Friday, 21 September 2012

Rishii puts "Yo-Tabla" into practice.

Most of us would agree that every teacher should practise what they preach. This becomes vital when they have an inquisitive niece like Nishka as a student. Rishii is embarking on a tabla tour, the UK leg of it starts this weekend in Leicester and Wolverhampton. After the UK dates in September and October Rishii will be going onto India. I caught up with Rishii during the week and we chatted about tour preparations and how yoga has been a godsend.
 Performances involve mental and physical preparation and Rishi explained how yoga has helped him to focus his mind and body. It is not just the performances, but the individual practise  preparations and rehearsals. On stage it may look effortless but often quite a show goes on behind the scenes.
Madonna has always been known for her punishing fitness regimes during tour preparations. Yoga is a very strong focus in Madonna's regime, once again marrying the disciplines of music and yoga.
This Saturday Rishii will be giving a Tabla demonstration at Beauchamp College, Oadby Leicester and talking about the health benefits of Music. Nishka and I are excited about attending this event and the next post will give full coverage . I have uploaded footage of one of Rishii's performances in San Francisco last year in front of the legendary tabla maestro Ustad Zakir Husseinji. Please refer to the previous posts for links to Rishii's work and forthcoming tour dates.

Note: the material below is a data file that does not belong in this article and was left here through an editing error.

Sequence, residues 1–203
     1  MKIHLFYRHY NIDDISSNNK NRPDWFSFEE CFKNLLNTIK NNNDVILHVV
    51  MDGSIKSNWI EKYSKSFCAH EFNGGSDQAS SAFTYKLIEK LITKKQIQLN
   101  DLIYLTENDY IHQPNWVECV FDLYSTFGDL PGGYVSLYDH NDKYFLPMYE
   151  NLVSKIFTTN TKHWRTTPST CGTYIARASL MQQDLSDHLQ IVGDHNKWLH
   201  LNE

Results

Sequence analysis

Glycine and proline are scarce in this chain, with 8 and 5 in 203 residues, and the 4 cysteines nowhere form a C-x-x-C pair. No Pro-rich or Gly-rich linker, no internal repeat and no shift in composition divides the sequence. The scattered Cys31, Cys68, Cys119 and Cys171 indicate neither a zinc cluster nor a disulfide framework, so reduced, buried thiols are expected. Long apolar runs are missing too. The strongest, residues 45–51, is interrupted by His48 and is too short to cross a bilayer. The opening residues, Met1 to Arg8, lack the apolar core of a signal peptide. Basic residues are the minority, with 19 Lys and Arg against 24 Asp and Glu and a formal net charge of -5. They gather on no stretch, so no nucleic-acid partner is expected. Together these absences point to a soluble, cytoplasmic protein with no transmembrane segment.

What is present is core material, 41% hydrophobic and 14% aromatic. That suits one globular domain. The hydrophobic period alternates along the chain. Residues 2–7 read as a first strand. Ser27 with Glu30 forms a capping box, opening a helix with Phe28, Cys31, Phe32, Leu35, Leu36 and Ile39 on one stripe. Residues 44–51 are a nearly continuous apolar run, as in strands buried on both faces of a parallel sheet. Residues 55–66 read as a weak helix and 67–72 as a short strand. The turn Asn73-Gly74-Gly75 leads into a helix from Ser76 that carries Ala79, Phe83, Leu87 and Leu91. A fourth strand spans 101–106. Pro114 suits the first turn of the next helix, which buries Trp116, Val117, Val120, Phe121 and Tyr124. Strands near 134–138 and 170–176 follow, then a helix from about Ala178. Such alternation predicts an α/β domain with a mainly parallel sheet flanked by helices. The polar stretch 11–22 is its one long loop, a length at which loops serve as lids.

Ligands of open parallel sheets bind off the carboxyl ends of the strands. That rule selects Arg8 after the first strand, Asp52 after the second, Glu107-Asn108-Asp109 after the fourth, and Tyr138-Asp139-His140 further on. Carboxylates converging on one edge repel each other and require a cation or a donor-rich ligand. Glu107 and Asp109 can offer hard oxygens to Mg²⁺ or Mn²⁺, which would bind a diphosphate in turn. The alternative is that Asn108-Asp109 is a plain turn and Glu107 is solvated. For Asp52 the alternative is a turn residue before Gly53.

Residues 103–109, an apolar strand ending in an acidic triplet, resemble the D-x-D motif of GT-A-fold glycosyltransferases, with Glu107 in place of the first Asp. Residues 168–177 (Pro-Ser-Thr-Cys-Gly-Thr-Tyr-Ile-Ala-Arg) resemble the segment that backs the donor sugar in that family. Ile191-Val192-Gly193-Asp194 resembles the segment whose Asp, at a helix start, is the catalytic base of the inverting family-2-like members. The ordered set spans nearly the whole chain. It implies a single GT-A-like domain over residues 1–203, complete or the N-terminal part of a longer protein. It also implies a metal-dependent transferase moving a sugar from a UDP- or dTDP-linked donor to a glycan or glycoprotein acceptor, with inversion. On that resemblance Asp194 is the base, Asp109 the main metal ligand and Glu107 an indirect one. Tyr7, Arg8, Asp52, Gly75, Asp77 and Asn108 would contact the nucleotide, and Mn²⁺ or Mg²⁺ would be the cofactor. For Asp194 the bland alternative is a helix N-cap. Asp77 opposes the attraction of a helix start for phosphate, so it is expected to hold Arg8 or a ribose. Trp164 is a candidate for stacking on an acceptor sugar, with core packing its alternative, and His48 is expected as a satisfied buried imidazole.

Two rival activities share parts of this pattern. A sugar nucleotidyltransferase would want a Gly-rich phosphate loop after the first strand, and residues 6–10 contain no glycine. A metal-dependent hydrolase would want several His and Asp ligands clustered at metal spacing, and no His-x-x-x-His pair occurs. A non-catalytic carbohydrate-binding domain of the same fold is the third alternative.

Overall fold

Sunday, 16 September 2012

Yo-Tabla- a Holistic Approach to Music and Life.


It is an absolute pleasure to be contributing to my sister’s blog. It is a great way for a writer and musician to collaborate on ideas that we share and are passionate about. I have been playing tabla since childhood and have had the opportunity and fortune to have learned from the very best in the industry.

Teaching is a strong passion of mine and I think it comes from being surrounded by educators on a daily basis such as Mum! As well as being a student of music, I am also a student of ‘Ashtanga Yoga’(Pathanjali). These two disciplines really complement each other as it provides one with a more flexible approach to life. It was one of those rare divine interventions that the concept of ‘Yo-Tabla’ came to me last year. As Indian musicians, we sit for long periods of time absorbing a vast amount of information whether in our own practice or performance. From personal experience, I have found that by incorporating basic breathing techniques and stretches, the body and mind become fully prepared. You have the clarity of thought and sharpness to handle any challenge that comes your way. This holistic approach has provided me with positive results, not just in my music career but in other facets of my life as well. This has also been the case for the students I have had the pleasure of teaching.